This review contains spoilers.
3.6 The Lord Of No Mercy
I’ve been trying to work out what V.M. Varga is all about. It’s a challenging prospect, for two reasons in particular. Firstly, he’s a decidedly slippery customer, prone to deflection, dissemblance and downright dishonesty. It’s near impossible to draw a bead on him. Secondly, he’s an utter grotesque and it’s not all that pleasant to stare too long at him. Seriously. His staring also into you would be the least of your concerns.
Still, this episode is a good one for which to don the protective clothing and take a peek at the mysterious Mr. V. It’s this week that the season’s storylines converge in a meaningful way and Varga’s greasy fingers have slipped in every pie. He is everywhere and nowhere, all at once.
There’s something decidedly 20th century about him. His beige rainmac and horrid teeth give him the appearance of a slimy spiv, conniving his way through an austere postwar London, a look that is compounded by his grey puddle of an accent. His reference pool, which includes Gavrilo Princip, Hitler, the supposedly fake moon landings and a cherished portrait of Stalin, only serve to further the suggestion that he is a man out of time, arrived in 2010 like a figure from the renegade past.
He’s not completely alien and correctly identifies that Stussy Lots’ financial problems are the product of a 21st century event, the sub-prime mortgage crisis, the collapse of Lehman Brothers and the resultant fall of financial dominoes. When he needs information on a person he resorts to a 21st century solution and Googles them (interestingly, Gloria appears as invisible to the internet as she does to motion sensors and indeed, to Varga himself). Still, there is something creepy and unsettling to Varga that suggests that he does not belong. David Thewlis is fantastic at portraying this and oozes into each scene with uncanny queasiness.
Varga would probably claim that he is a pragmatist (and would chew on each syllable as he did so). He performs this routine simply because it works. We’ve spent the past few weeks observing him slip into Emmit’s life and business and take control through a mixture of coercion and persuasion. It has been like a grooming; at first Emmit found him repulsive and frightening but has slowly been convinced that Varga’s interests align with his own. It has been stunningly effective; having learned that Varga’s power lies in knowing his target’s grubby secrets, Emmit nonetheless calls him when he needs to deal with the messy situation of Ray’s death. This was the moment when his fate was sealed. There is no way back from this now and the takeover is so complete that it could almost have been entirely planned by Varga.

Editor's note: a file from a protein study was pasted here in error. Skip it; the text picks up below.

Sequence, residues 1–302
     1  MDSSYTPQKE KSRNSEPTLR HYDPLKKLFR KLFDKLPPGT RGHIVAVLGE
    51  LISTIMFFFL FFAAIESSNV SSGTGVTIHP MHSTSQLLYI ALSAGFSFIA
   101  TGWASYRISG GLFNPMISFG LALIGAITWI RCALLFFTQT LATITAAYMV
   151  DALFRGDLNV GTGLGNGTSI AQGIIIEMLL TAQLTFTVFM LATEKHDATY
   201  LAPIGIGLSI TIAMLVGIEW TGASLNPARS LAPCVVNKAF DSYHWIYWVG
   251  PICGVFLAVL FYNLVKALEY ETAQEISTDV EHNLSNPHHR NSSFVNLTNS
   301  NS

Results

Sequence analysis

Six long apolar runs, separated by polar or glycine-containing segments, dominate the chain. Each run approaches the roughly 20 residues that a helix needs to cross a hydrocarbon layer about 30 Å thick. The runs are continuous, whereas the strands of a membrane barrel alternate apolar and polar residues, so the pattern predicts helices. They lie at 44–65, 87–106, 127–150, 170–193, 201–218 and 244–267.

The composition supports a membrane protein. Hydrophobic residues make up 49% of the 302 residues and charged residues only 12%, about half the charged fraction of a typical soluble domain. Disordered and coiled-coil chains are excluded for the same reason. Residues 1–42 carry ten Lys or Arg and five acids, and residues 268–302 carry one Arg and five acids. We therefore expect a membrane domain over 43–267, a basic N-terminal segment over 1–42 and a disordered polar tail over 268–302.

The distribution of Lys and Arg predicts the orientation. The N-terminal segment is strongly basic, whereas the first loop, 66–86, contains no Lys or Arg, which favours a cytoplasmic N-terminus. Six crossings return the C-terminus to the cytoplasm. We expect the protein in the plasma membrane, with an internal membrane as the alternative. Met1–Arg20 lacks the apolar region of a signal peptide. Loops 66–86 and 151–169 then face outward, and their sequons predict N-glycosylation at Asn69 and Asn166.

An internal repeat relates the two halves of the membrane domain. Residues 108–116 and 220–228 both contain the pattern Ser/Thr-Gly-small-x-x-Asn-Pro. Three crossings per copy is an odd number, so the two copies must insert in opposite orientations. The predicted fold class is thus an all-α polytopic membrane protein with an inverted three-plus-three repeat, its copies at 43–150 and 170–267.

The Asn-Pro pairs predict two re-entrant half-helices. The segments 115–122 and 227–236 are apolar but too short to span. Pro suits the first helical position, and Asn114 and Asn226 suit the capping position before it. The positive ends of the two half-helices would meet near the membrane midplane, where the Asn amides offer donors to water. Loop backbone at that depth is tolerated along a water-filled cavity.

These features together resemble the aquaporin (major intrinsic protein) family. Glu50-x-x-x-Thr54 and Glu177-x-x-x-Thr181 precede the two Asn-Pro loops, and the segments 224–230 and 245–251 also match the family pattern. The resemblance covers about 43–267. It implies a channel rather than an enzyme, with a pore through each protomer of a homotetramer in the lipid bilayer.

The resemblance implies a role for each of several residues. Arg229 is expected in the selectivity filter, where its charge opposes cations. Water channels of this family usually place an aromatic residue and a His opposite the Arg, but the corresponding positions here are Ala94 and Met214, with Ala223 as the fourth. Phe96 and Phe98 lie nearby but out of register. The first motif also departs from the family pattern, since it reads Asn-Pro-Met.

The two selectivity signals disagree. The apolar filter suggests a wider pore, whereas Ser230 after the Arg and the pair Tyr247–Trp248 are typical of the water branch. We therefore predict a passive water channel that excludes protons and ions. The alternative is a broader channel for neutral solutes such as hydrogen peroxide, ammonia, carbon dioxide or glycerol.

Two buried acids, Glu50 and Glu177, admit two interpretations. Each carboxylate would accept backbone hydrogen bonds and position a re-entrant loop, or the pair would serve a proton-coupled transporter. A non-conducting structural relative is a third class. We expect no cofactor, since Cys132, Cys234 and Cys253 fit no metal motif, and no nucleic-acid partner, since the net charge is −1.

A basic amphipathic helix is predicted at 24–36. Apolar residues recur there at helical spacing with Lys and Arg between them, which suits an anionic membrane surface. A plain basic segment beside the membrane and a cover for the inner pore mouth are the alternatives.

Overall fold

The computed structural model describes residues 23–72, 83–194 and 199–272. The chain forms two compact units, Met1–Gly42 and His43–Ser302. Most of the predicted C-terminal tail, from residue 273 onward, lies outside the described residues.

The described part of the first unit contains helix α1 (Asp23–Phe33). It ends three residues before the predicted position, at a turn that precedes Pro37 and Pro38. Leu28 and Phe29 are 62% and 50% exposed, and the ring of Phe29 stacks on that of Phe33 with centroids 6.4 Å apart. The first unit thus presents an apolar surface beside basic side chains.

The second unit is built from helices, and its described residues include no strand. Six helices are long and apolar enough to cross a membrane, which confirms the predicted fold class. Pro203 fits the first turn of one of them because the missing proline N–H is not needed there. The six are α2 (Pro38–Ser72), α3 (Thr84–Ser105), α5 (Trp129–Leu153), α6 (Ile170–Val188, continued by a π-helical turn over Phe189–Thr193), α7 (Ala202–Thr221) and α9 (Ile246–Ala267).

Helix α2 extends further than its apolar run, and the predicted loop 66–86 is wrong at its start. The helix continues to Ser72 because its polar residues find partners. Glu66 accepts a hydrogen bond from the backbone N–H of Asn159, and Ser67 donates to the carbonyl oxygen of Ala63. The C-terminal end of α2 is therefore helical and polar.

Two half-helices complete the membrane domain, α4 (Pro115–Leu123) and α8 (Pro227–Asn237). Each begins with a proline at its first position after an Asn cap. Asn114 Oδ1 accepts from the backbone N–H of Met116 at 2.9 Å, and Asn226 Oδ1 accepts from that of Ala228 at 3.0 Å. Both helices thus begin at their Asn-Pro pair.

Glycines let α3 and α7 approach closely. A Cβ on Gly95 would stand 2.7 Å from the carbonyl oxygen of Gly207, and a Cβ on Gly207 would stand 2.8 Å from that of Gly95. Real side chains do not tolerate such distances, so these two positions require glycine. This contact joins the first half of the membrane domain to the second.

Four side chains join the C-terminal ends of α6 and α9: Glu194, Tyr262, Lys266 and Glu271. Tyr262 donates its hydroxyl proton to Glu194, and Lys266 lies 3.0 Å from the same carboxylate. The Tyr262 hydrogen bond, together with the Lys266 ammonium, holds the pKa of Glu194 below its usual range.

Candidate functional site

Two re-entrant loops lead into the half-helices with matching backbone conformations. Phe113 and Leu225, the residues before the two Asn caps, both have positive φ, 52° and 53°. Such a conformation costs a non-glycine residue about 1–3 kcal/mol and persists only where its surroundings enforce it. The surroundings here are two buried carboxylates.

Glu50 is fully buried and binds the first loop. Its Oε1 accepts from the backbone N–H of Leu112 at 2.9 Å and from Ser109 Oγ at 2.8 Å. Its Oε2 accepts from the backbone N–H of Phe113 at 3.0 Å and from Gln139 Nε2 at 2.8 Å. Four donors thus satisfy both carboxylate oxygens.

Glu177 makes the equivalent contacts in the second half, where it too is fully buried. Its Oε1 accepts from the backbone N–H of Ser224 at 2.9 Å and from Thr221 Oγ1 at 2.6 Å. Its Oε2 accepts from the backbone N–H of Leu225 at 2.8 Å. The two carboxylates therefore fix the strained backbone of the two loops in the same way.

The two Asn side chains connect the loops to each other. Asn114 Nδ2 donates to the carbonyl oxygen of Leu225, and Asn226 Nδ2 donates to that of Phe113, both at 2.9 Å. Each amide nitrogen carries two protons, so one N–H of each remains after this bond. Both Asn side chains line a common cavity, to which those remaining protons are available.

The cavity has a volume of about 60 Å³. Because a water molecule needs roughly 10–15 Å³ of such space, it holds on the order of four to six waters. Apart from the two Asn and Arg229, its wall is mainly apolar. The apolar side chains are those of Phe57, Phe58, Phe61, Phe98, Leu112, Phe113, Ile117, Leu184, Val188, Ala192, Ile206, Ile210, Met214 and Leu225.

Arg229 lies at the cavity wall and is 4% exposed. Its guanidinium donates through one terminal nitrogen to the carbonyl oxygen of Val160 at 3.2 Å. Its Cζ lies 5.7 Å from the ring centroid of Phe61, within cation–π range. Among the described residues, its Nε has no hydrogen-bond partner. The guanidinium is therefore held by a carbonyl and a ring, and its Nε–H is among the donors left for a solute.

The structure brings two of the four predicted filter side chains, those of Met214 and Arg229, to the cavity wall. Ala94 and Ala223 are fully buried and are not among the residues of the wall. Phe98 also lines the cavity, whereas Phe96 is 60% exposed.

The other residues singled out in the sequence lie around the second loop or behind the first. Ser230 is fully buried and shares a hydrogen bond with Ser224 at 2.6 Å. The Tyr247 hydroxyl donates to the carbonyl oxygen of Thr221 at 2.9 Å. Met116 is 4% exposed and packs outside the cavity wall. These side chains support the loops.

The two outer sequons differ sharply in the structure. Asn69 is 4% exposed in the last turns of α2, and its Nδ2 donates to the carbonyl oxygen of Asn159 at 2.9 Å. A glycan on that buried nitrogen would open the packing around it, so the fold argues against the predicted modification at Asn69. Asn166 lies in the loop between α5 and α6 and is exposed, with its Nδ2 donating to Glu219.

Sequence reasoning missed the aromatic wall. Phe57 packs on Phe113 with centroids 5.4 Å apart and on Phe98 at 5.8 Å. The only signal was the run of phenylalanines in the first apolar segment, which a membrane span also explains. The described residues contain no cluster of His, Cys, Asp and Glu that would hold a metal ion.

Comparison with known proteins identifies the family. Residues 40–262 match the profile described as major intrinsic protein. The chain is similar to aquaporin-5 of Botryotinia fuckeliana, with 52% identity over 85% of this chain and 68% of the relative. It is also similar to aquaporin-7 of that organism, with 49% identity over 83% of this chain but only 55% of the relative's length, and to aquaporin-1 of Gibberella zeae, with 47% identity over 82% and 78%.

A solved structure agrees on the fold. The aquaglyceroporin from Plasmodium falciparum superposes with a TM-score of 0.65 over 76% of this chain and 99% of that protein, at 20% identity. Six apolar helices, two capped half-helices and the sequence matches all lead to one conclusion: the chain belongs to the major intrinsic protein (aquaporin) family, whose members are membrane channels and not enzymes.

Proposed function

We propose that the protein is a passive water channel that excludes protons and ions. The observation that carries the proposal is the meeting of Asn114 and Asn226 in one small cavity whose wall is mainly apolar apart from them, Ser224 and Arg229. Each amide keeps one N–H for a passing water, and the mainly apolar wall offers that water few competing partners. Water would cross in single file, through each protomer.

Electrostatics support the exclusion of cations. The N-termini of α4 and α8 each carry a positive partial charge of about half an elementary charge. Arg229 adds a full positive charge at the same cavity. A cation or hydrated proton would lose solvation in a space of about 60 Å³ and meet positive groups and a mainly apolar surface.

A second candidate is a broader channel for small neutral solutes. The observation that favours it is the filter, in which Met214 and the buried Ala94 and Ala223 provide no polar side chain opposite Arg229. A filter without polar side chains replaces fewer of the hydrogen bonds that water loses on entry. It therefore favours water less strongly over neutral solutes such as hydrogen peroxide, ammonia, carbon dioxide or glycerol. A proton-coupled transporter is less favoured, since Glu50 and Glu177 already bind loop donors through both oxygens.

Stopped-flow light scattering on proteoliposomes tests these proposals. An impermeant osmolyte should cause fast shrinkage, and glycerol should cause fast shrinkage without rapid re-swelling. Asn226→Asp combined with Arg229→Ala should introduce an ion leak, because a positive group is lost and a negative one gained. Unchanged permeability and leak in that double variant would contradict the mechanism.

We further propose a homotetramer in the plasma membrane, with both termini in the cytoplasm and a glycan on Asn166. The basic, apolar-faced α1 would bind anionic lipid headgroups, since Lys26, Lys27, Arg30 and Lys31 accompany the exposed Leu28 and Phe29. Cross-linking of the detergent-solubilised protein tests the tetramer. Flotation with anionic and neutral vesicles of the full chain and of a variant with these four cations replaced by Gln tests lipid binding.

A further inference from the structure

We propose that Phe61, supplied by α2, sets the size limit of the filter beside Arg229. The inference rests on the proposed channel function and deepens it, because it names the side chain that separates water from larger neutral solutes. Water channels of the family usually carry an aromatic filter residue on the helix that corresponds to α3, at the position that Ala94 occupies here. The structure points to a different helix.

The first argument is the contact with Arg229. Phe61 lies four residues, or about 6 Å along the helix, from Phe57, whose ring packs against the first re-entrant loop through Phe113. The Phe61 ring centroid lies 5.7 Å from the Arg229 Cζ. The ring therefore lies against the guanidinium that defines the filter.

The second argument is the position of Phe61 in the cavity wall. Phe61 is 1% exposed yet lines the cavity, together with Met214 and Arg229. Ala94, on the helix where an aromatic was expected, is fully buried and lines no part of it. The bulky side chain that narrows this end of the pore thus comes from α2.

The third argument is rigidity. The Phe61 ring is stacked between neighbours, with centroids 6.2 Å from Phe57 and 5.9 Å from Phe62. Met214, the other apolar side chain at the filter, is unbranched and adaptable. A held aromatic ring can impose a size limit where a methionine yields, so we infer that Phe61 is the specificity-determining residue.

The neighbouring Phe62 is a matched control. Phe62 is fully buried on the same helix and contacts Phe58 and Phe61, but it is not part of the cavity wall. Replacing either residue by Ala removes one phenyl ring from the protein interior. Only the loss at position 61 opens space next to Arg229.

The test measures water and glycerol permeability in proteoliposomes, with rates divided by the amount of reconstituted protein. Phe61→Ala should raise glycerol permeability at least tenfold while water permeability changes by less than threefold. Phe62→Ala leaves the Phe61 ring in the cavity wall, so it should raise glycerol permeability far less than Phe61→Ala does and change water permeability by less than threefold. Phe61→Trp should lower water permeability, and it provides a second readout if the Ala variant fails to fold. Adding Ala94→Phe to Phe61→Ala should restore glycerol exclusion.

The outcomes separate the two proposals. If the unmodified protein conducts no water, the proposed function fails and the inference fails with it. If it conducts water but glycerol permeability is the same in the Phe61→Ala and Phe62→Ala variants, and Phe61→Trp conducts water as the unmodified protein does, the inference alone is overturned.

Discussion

As it stands, Varga’s only pre-mortem role was to place Emmit under sufficient pressure that he lost his tendency towards even-handedness. The brothers’ argument was a personal and ultimately inconsequential as to barely matter. What counted was their respective hardening of attitudes, in both cases the result of recent difficulties. It may have once been possible for them to talk it out and to find some common ground (even if only to keep the feud going at a manageable level) such opportunities had gone.
It was striking to see how the two storylines converged in that single dark moment at Ray’s place. Emmit is now locked in, all the way, with Varga. Ray spent his last days on earth jobless and bent on revenge for the beating that his beloved Nikki had suffered. For once, she was the one who had to restrain him, talking him out of a reckless attempt on Varga and his goons in broad daylight. Robbed of agency in their respective battles, the brothers took it out on each other, parlaying the pathetic argument about the stamp into a tragic shoving match, two grown men fighting in the manner of children. The misadventure with the shard of glass was only, could only, have been an accident -Emmit had no intention of playing Cain, and yet there was something in his pause, in the way he froze to the spot and watched his brother die. That plaintive ‘don’t’ cannot absolve him. It was, like so much else in his personal tragedy, a sin of omission, he condemns himself because of what he fails to do. He has nowhere to go from here. Nowhere but the dank embrace of a man out of time.